Who can resist the lure of the open road and the chance to explore the world? Fewer and fewer of us, it seems. As the costs of travel have tumbled, more people are visiting more countries than ever before. Greater freedom of movement, whether for business, a holiday, or the chance of a new life, has contributed to a rise in foreign death claims – and increased incidence of fraud.
A foreign claim is any claim in which the insured event occurs outside the country where the policy was written. Most are straightforward, but when a death claim occurs in a foreign territory, unfamiliarity with documentation and procedures can give rise to confusion and suspicion.
Simply because a claim occurs abroad does not make it fraudulent. In most cases, there should be little cause for concern if the insured event occurs in a low-risk country (low prevalence of fraud) and involves non-contestable or proportionate cover or a person with a low-risk occupation and readily available medical history, particularly if the insured is born in the country of his or her residence. However, many “red flags” can signal fraud, including:
- The death occurring when the insured returns to the country of his or her birth, particularly for early retirement
- An unavailable medical history
- The claim occurring shortly after policy inception or expiry of the contestability period
- The presence of multiple forms of cover
- An unclear occupation
- Immediate pressure to settle
- Confusion over the causes and circumstances of death or an unexplained disappearance
Spotting these signs can seem simple in theory; identifying them in practice can be much more difficult. Answers to a few well-placed questions at underwriting can reveal the risks at claims time. For example:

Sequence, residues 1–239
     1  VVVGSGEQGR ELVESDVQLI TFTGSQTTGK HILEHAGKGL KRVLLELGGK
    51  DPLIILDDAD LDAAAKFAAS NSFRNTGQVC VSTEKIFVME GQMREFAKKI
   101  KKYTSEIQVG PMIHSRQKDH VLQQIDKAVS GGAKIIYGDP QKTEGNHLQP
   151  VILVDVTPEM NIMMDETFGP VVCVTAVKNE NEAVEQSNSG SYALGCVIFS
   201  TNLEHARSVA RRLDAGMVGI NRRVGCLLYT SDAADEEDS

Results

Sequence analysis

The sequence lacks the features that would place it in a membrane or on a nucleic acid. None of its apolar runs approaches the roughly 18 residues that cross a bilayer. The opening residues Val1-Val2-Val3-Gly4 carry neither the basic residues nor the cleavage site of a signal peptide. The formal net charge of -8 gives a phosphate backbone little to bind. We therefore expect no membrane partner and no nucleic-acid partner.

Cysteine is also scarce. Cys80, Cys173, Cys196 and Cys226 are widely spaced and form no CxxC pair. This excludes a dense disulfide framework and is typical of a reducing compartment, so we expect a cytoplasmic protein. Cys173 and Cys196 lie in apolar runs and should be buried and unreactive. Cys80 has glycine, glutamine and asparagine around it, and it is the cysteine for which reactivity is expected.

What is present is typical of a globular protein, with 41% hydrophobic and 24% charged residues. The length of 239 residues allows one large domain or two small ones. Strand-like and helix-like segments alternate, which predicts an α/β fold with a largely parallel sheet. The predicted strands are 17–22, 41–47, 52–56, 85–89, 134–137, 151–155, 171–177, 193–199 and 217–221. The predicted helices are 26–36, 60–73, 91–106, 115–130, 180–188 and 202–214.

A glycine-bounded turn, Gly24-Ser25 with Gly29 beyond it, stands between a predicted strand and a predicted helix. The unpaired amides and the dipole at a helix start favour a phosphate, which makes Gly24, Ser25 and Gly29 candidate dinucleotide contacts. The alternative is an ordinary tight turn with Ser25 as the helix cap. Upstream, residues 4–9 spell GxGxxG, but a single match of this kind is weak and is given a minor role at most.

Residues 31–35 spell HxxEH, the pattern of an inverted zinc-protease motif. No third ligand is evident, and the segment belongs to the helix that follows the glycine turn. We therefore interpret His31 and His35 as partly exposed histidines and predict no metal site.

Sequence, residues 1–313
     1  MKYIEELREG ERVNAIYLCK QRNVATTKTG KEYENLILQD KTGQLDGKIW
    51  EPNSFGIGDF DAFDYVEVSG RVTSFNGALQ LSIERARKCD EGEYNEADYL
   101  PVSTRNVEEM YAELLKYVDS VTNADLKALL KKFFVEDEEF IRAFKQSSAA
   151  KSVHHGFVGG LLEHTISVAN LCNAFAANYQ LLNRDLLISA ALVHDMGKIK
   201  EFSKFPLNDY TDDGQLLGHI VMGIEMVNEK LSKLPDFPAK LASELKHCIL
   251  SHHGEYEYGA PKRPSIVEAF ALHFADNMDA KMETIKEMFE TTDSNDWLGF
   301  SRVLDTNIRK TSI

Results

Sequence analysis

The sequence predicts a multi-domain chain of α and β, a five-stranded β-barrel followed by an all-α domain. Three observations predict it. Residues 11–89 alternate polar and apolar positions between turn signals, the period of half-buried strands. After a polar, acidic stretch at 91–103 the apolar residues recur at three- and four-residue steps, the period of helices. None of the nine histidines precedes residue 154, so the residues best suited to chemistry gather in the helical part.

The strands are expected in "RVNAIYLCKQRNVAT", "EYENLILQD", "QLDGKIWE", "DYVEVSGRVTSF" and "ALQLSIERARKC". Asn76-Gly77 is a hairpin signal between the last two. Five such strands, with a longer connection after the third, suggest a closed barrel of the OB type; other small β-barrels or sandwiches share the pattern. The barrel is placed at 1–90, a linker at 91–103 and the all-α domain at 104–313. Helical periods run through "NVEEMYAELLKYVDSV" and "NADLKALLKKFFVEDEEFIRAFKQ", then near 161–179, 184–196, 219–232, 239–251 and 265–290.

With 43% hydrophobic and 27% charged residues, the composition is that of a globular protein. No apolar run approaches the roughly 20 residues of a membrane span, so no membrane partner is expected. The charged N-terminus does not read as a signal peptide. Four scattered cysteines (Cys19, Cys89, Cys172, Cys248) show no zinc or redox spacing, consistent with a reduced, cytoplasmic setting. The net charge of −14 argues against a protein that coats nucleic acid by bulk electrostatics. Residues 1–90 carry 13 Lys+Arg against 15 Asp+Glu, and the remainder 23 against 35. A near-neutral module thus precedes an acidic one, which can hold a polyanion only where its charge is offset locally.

- When an insured event occurs in a high-risk country, does the file indicate where the insured was born?
- clIf the medical history is not available in country of residence, does the file offer the name and address of the family doctor and how long that physician has been registered?
- If the insured has multiple forms of cover, was the insured asked whether he or she had applied for life insurance (of any type) in the last six months?
- If the insured’s occupation is unclear, has he or she been asked to describe main occupational duties and any job-related travel requirements?
Claims analysts can detect fraud through a careful review of the available facts. First, consider the causes of death. Was the deceased ill before departing or did he or she became ill abroad or upon return? Note the country visited, length of time abroad, and purpose of travel. From there, it is critical to obtain, authenticate, and act upon appropriate documentation.
- Standard forms, including the death certificate as well as the physician and claimant statements
- Foreign death questionnaire (FDQ), which can reveal details of the circumstances of the death, other insurance policies in force, reasons for traveling abroad, and the length of the intended stay
- Passport, plane ticket, or boarding pass for proof of travel
- Original cremation or burial certificate
- Invoices from a hospital, funeral home, or the company responsible for the body’s transportation
- Autopsy, toxicology, police, or coroner’s report
Next, enlist an investigator to authenticate claims if there is a need to:
- Conduct an on-site investigation of the circumstances of the death
- Verify the physician’s credentials
- Interview individuals who could confirm the insured’s death, such as a doctor, funeral director, neighbour, or employer
- Secure medical records to determine when the insured became ill and if/when he or she was hospitalized
Finally, examine the assembled documentation to:
- Ensure all documents submitted are authentic
- Pursue any other relevant interviews
- Research the claimant online, including social media
All honest policyholders are the victims of insurance fraud, and a foreign death is one of the most difficult to identify and investigate. But with persistence and care, examiners can spot and deny these fraudulent claims.
RGA’s Global Underwriting Manual (GUM) includes a proprietary Overseas Death Claims Guide, an online resource incorporating a range of assessment tools, including risk ratings, calculators, and descriptions of the practices, procedures, and documentation used to evidence death in countries around the world. Log in to RGA’s GUM website at http//gum.rgare.com or contact your local RGA office for more information.